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Development. 1999 Jun;126(12):2597-610.

A rapid and dynamic regulation of GDNF-family ligands and receptors correlate with the developmental dependency of cutaneous sensory innervation.

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  • 1Laboratory of Molecular Neurobiology, MBB, Karolinska Institute, S171 77 Stockholm, Sweden. Bengt@cajal.mbb.ki.se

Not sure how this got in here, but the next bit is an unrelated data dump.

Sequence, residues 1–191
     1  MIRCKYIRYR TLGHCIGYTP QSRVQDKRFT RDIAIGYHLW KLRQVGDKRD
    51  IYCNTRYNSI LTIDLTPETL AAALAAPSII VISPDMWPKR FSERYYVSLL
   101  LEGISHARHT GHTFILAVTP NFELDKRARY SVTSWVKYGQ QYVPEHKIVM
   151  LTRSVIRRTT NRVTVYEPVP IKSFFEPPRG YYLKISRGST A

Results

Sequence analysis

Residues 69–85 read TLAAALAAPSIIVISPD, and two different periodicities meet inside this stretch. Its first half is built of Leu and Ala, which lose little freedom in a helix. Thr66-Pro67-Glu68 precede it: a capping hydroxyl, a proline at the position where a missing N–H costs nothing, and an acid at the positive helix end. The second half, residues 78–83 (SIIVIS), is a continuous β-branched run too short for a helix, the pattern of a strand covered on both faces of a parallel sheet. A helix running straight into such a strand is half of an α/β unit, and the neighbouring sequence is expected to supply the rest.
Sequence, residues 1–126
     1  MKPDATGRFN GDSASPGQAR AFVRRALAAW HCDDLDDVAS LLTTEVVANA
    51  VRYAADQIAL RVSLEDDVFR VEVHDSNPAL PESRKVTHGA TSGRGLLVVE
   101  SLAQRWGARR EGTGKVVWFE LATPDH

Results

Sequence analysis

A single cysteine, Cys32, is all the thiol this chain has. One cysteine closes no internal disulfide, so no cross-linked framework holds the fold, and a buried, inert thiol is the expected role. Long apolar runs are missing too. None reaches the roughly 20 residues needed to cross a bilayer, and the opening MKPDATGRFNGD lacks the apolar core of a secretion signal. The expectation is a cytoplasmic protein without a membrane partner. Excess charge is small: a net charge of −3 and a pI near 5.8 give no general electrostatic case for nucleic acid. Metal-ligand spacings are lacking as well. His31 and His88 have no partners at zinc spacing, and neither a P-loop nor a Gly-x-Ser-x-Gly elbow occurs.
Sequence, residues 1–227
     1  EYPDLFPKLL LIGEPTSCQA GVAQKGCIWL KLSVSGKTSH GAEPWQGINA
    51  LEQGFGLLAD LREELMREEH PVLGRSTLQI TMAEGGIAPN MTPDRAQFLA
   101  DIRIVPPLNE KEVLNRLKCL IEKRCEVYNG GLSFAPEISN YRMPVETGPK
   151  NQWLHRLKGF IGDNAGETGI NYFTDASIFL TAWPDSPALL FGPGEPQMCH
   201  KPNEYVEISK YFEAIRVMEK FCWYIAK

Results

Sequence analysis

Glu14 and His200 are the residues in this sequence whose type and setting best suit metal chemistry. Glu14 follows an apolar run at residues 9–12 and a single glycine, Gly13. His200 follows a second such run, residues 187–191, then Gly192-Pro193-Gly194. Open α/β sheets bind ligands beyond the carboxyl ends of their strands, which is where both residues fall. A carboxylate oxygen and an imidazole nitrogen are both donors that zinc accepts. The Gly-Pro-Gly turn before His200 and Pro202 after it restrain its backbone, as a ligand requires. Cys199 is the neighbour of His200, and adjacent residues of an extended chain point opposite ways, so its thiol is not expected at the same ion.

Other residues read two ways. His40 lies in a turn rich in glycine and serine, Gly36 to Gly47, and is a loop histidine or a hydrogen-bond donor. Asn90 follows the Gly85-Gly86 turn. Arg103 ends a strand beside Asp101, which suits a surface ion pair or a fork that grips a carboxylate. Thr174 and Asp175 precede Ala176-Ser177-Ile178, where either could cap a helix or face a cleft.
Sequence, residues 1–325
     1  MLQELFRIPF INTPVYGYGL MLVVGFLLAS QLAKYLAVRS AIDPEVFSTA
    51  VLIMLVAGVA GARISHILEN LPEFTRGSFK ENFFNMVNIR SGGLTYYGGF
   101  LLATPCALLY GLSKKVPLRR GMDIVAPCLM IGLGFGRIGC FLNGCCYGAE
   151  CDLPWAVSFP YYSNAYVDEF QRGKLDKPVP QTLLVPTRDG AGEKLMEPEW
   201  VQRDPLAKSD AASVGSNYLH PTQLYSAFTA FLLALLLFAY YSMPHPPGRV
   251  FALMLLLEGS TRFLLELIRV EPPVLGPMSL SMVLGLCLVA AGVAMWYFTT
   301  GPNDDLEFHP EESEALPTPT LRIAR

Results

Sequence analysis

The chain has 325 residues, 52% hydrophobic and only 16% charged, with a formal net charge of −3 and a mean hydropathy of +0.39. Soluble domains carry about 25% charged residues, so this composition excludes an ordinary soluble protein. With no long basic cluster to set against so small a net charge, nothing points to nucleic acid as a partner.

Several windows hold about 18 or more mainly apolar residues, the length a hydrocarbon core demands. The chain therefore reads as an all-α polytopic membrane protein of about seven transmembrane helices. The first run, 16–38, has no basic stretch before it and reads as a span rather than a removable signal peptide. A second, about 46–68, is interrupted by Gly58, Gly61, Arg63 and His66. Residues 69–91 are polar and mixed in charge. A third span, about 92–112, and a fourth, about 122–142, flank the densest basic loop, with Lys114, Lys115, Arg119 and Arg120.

Glial cell line-derived neurotrophic factor (GDNF) and neurturin (NTN) are members of the transforming growth factor-beta family and have been shown to elicit neurotrophic effects upon several classes of neurons including dopaminergic neurons, motoneurons, parasympathetic, sympathetic as well as primary sensory neurons. However, there is little information available on their roles in cutaneous innervation. Herein, we have studied the regulation of gdnf, ntn and the GDNF family receptors and examined their role in the development of facial cutaneous innervation in GDNF mutant mice. A dynamic spatial and temporal regulation of gdnf, ntn and their ligand binding receptors within the follicle-sinus complex correlate with development of distinct subclasses of sensory nerve endings. Furthermore, development of NGF-dependent myelinated mechanoreceptors, i.e. reticular and transverse lanceolate endings also require GDNF during ending formation and maintenance. In addition, ligand and receptor association seems to be intricately linked to a local Schwann cell-axon interaction essential for sensory terminal formation. Our results suggests that functionally specified nerve endings depend on different GDNF family members and that in contrast to neurotrophins, this family of neurotrophic factors may be acting at local sites of terminal Schwann cell-axon growth cone interactions and that they collaborate with neurotrophins by supporting the same populations of neurons but at different times in development.

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